Data analysis was done using SPSS 17 (SPSS Inc., Chicago, Ill. USA); collected data was analysed by both descriptive and inferential methods. Descriptive method such as frequency and percentage were calculated to summarise the data. Sensitivity, specificity, positive predictive value and negative predictive value along with agreement were calculated.


 

Results

The age of the patients ranged between 28 and 68 years with majority of the patients being below 50 years of age. Majority of the cases of SIL were with parity of 2 or more. Most common clinical presentation was bleeding per vaginum. Of the total 31 cases, 12 were diagnosed as HSIL while 19 were diagnosed as LSIL on histopathology (Figure 1). Corresponding Pap smear was unavailable for 5 cases. The overall absolute correlation between cytology and histopathology was 58.1%.  HSIL was under-reported with 6 cases being reported out of 12 histopathologically diagnosed cases. Five ASC-H and one ASCUS assigned cases on cytology were upgraded to HSIL on histopathology. LSIL cases correlated well, with 13 out of 19 cases being assigned on cytology while one ASCUS case being upgraded to LSIL on histology. According to the criteria used by Alshenawy H et al., in the present study, 58.3% (7/12) cases of HSIL showed absolute p16 positivity while 26.3% (5/19) cases of LSIL showed p16 positivity (Figure 2).


Fig 1. a: Low grade squamous intra-epithelial lesion (LSIL) H&E 200X
b: High grade squamous intra-epithelial lesion (HSIL) H&E 100X    c: LSIL pap 400X    d: HSIL pap 400X


Fig 2.  a:16 positive (score 8) with diffuse strong expression in HSIL,
b: p16 positive (score 4) with focal variable expression in HSIL    c: p16 positive (score 4) with focal positive expression in LSIL
d: Ki-67 grade 2+ in HSIL    e: Ki-67 grade 2+ with full thickness expression in HSIL    f: Ki-67 negativity in LSIL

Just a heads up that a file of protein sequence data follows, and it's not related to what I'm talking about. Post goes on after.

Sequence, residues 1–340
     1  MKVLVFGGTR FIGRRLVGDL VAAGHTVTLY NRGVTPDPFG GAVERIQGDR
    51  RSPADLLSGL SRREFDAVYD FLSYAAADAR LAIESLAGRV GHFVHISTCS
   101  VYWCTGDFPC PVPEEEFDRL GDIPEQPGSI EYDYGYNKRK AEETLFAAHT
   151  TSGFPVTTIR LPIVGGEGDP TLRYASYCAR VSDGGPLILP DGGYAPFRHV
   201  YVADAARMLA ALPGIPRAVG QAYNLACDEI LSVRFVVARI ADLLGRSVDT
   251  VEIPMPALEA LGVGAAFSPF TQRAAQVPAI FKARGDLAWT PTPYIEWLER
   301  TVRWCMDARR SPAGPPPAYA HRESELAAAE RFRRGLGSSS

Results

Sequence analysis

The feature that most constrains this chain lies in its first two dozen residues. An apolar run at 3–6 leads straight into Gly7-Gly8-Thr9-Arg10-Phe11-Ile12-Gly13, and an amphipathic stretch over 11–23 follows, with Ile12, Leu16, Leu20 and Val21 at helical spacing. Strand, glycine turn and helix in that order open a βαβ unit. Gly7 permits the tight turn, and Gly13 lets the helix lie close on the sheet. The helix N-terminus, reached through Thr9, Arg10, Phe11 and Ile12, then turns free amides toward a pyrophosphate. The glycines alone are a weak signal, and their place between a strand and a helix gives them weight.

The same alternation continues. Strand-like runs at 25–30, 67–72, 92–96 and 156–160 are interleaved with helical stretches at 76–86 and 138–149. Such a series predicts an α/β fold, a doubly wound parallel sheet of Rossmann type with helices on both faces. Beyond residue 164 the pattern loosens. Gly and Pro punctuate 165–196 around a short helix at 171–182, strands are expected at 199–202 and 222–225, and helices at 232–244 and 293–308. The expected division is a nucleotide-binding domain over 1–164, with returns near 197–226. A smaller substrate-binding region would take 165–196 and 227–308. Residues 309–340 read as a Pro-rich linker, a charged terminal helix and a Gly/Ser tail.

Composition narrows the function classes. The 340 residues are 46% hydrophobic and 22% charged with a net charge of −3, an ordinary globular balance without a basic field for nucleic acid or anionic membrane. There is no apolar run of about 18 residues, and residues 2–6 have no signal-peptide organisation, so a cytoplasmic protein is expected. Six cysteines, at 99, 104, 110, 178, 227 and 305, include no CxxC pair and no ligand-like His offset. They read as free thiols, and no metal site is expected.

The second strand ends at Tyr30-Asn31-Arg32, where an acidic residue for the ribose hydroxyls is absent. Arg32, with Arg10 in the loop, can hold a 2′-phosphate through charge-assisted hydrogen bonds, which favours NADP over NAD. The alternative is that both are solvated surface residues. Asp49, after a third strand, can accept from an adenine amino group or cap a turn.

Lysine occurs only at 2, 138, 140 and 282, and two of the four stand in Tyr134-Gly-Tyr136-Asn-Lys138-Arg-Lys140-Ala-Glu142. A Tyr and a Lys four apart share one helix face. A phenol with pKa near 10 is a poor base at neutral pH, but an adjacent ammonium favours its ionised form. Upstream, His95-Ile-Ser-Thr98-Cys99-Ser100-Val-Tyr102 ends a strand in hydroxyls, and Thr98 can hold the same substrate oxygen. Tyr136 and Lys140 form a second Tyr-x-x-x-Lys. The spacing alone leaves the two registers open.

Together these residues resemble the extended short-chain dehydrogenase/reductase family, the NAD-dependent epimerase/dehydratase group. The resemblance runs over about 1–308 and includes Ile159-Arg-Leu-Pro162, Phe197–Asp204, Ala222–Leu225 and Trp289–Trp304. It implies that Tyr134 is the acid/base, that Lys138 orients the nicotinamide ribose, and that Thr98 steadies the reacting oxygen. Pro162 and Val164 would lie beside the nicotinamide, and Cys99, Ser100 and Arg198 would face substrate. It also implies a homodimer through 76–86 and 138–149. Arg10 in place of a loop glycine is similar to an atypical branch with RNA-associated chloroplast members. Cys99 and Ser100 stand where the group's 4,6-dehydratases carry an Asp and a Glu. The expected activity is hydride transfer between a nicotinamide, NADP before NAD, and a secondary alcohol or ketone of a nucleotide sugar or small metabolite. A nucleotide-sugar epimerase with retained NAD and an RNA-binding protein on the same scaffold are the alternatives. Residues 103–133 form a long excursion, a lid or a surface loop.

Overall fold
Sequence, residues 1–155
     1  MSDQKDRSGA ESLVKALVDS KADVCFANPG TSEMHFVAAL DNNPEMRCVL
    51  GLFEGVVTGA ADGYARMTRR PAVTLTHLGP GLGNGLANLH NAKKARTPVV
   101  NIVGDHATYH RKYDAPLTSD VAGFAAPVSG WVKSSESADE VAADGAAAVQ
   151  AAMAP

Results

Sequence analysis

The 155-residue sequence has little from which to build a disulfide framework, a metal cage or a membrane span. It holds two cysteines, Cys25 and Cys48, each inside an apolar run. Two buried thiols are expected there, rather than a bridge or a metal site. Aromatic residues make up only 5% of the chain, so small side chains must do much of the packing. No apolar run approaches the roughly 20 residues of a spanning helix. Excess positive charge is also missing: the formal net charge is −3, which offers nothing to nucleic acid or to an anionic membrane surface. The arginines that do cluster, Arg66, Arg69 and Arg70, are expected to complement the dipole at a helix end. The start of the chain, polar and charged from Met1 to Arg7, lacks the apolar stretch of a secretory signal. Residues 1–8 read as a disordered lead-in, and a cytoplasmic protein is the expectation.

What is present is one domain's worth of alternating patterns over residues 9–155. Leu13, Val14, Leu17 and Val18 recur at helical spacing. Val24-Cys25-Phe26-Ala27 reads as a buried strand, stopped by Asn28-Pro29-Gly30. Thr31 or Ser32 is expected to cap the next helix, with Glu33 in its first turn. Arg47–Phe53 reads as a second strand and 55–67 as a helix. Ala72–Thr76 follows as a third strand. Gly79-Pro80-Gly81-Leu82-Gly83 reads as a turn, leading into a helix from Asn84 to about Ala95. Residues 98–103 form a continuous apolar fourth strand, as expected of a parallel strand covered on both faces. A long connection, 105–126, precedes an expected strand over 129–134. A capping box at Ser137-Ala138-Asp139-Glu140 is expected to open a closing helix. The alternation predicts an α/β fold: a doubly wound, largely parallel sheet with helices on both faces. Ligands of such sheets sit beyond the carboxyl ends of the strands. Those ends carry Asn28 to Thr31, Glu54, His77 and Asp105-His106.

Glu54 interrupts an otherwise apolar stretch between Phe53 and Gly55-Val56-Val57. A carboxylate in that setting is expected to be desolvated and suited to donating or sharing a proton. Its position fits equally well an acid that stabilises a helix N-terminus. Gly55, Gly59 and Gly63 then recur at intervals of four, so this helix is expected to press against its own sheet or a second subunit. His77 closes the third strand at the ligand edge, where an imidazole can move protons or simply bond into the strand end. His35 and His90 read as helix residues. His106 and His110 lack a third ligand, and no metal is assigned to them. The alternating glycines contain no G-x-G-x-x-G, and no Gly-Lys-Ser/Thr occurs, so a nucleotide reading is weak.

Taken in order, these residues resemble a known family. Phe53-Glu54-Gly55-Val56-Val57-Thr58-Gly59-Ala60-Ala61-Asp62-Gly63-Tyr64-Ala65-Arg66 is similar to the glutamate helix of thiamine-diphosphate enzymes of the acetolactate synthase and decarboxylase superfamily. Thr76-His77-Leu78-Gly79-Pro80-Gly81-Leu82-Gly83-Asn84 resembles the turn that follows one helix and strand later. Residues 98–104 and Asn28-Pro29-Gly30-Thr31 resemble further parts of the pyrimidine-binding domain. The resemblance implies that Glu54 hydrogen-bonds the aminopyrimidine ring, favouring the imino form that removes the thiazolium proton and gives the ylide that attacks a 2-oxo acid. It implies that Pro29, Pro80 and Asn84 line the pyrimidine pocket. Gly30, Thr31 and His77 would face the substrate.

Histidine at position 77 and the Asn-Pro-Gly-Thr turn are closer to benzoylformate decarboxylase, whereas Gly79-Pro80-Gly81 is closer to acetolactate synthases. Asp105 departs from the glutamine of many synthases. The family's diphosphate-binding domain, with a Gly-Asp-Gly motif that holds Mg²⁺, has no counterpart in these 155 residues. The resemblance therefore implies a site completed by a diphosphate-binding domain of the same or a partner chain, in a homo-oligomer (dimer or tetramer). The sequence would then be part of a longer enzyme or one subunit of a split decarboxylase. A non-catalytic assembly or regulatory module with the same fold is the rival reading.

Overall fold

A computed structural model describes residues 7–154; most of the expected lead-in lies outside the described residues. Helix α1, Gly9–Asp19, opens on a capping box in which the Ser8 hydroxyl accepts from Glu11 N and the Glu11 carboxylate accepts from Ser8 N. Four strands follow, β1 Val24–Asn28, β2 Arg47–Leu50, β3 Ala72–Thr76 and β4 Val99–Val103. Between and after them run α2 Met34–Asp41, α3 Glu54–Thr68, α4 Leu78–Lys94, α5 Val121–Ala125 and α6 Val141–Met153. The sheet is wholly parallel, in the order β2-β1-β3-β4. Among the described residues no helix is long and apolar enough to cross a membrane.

In the present study a total of 38.7% (12/31) cases of SILs showed absolute p16 positivity. Sensitivity of p16 was 38.7% with 100% specificity for SILs. Positive predictive value was 100% while negative predictive value was 51.3%. Overall agreement between was 62.74. Of 19 negative cases of p16, 4 cases showed absolute negativity with a score ‘0’. While 15 cases had a score of 2 or more. Among all the SIL cases some amount of p16 activity was observed in 87% of the cases. The expression of Ki67 was “grade 1” in 67.7% of the cases with anatomical expression in the respective cases. The Ki67 expression in the middle and superficial third of the epithelium correlated well with the histopathological diagnosis with a P-value of 0.001 and 0.002 respectively. The control group comprising of diagnosed cases of chronic cervicitis showed no expression with p16 and with 5 out of 20 cases showing <5% expression of Ki67 (Tables 2 and 3).

Table 2. p16 immunostain scoring in LSIL and HSIL

p16 immunostaining HSIL n (%) LSIL n (%) Chronic Cx n (%)
Percentage of positive cells (%) 0(<5%) 5 (41.7%) 11(57.9%) 20 (100%)
1(5-49%) 4(33.3%) 6(31.6%)
2 (50-80%) 3 (25.0%) 2(10.5%)
Intensity of reaction 0 (No reaction) 1 (8.3%) 3 (15.8%) 20(100%)
1(Weak) 3 (25.0%) 10 (52.6%)
2 (Variable) 4 (33.3%) 4 (21.1%)
3 (Strong) 4 (33.3%) 2 (10.5%)
Cellular reaction pattern 0 (No reaction) 1 (8.3%) 3 (15.8%) 20(100%)
1 (Focal) 10 (83.3%) 16 (84.2%)
2 (Diffuse) 1 (8.3%) 0 (0%)
p16 Negative (0–3) 0 1 (8.3%) 3 (15.8%) 20 (100%)
2 3 (25.0%) 7 (36.8%)
3 1 (8.3%) 4 (21.1%)
Positive (4–8) 4 4(33.3%) 2 (10.5%)  
5 0 (0%) 2 (10.5%)
6 2 (16.7%) 1(5.3%)
7 1 (8.3%) 0 (0%)